Scott’s not always the most accurate off the tee, hitting only 60.92% of fairways, but he’s long enough (55th) that he can club down to bump his accuracy up a touch, and when he does hit the fairway he’s the 10th-best in terms of distance from the center. Scott’s GIR numbers also don’t reflect anything great – he’s 56th by hitting 67.8% of greens in reg – but he’s gaining strokes with his irons (+.7/round, 15th) and is -20 to par on only 116 approach shots between 125 and 175 yards out. Even better, Scott is averaging -0.169 when he hits the fairway (-50 on 295).

Scott has crushed par-5s this year (4.43, second) and kept his head above water on the par-4s (41st), but par-3s have given him trouble and his three-putt avoidance has been a big negative – he’s only 86.1% on putts inside 10’ – so it’s imperative to know what you’re getting when you roster him, as his putting has been good overall but he’s still prone to horrible misses.

On the year, Scott’s only missed three cuts in ten tries, and six of his seven makes have resulted in a top-25 finish. His lone made cut that came outside the top-25 unfortunately was at Pebble Beach, and he also missed the cut here back in 2010 with a 77-73. In U.S. Opens, his history has been mixed: five top-25s including a T4 and T9, but also eight missed cuts.

Francesco Molinari ($9000): Another non-American who excels from tee to green but whose week is decided by the putter, Molinari has had an up-and-down time at U.S. Opens in the past: when he makes the cut, he finishes between 23rd and 29th, but he’s only made the cut five of nine times – and he missed in 2010. That being said, Molinari of 2018 and 2019 is a different beast, having only missed one cut this year (at the Heritage) while winning API and coming T5 at Augusta; he’s got no history at Pebble beyond the missed U.S. Open cut.

Statistically, Molinari doesn’t rate that highly, but he’s missing his Augusta shotlink numbers and also his performance at the Match Play isn’t reflected in the stats. On the season beyond those events, Molinari doesn’t show well in some key categories (61.7% GIR, 74th SG: Tee to Green are big examples) but last season he hit 70.24% and ranked second T2G so he’s shown he has the talent level.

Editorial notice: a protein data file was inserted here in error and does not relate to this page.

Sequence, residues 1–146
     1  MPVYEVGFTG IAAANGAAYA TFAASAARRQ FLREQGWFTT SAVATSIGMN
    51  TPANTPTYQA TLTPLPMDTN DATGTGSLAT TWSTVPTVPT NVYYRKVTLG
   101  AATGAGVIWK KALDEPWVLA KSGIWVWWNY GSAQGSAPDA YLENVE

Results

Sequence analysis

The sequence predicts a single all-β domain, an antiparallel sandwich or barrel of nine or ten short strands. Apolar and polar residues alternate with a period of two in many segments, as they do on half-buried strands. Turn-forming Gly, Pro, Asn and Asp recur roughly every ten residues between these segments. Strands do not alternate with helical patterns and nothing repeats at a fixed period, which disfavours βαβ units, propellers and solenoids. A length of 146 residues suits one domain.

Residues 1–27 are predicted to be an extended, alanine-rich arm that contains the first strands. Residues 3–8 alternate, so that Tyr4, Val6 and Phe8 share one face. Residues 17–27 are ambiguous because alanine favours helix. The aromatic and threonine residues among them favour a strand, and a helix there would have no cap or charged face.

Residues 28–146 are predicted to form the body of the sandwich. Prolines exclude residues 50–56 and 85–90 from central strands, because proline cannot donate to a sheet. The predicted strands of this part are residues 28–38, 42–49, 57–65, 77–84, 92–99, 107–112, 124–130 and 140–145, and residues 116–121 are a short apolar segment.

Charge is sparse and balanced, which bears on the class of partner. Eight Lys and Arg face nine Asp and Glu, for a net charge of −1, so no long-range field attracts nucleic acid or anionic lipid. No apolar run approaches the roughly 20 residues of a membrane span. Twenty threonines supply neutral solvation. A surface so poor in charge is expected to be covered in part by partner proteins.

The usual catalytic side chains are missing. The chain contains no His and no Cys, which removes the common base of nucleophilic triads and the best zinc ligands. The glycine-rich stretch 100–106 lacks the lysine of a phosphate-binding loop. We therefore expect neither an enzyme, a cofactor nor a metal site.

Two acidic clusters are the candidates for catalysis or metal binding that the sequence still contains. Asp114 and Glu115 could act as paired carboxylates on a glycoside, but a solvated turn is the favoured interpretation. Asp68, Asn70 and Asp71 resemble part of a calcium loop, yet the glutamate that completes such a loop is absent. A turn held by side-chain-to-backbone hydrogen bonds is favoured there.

His putting is consistently bad, year over year, but Molinari should see next-to-no ownership and has shown he can conquer tough courses in the wind.

Others: Paul Casey ($8300), Brooks Koepka ($11600), Jason Day ($9100)


Value Golfer (below $8000)

Chez Reavie ($6900): With an average tee shot of just 278.8 (172nd), there aren’t many courses where Reavie is in play, but a sub-7100 yard par-71 fits the mold very well with only three holes that play ‘too long’. Reavie makes up for his short distance by being very accurate, with the second-best driving accuracy (74.55%) and the best distance from the center of the fairway (20’10”, 4’1” better than average) – at this course, avoiding the brutal rough will be key.

Reavie is a positive player with his irons, gaining 0.488 strokes/round on approach (26th) and hitting 68.06% of greens in regulation (46th), and he’s a very good -24 on approach shots between 125-175 yards – he does struggle outside of 200 yards, but only ~33% of his approach shots come from that range and this course specifically should see shots from closer than there. The main concern for Reavie is his poor play in tight (100th in Scrambling, 133rd in SG: Around the Green) and on the greens (82nd in SG: Putting).

He’s a very good par-4 player, and makes birdie or better 22.31% of the time which is a very good number at his price point considering the events he’s played this year; he missed the cut at Colonial, but has five top-25s in 13 stroke play events including a T3 and T4 at the Sony Open and WMPO respectively. He didn’t play here in 2010 but has made five cuts (one top-25) in ten tries in the pro-am format, and has gone three made to three missed in the U.S. Open with his best finish a T16 at Erin Hills.

Matthew Fitzpatrick ($7400): The Brit has yet to miss a cut at a U.S. Open, going 4-for-4 with his best finish a T12 last year at Shinnecock, although he did miss the cut at the Pebble Beach pro-am this year; that was his only missed cut on the season, and including the Asian PGA Tour and the Euro Tour, Fitz has picked up four top-25s in 12 events played.

Fitzpatrick is a lot like Reavie off the tee, sitting 40th in accuracy (66.42%) but second in distance from the center of the fairway (21’0”), and he gains the 29th-most strokes off the tee on average with +.441/round. Unfortunately his iron play has been a bit disappointing this year, ranking 61st in SG: Approach and hitting only 63.53% of greens in regulation, but his overall proximity is fine (61st) and he really shines on par-3s.

He’s not much of a birdie-maker thanks to some inconsistent putting, but he should put himself in position often enough for birdie looks.

Others: Emiliano Grillo (should be late added), Danny Willett ($6800)


You can follow me on Twitter @adalyfrey and good luck this week!


Adam Daly
By Adam Daly June 10, 2019 23:28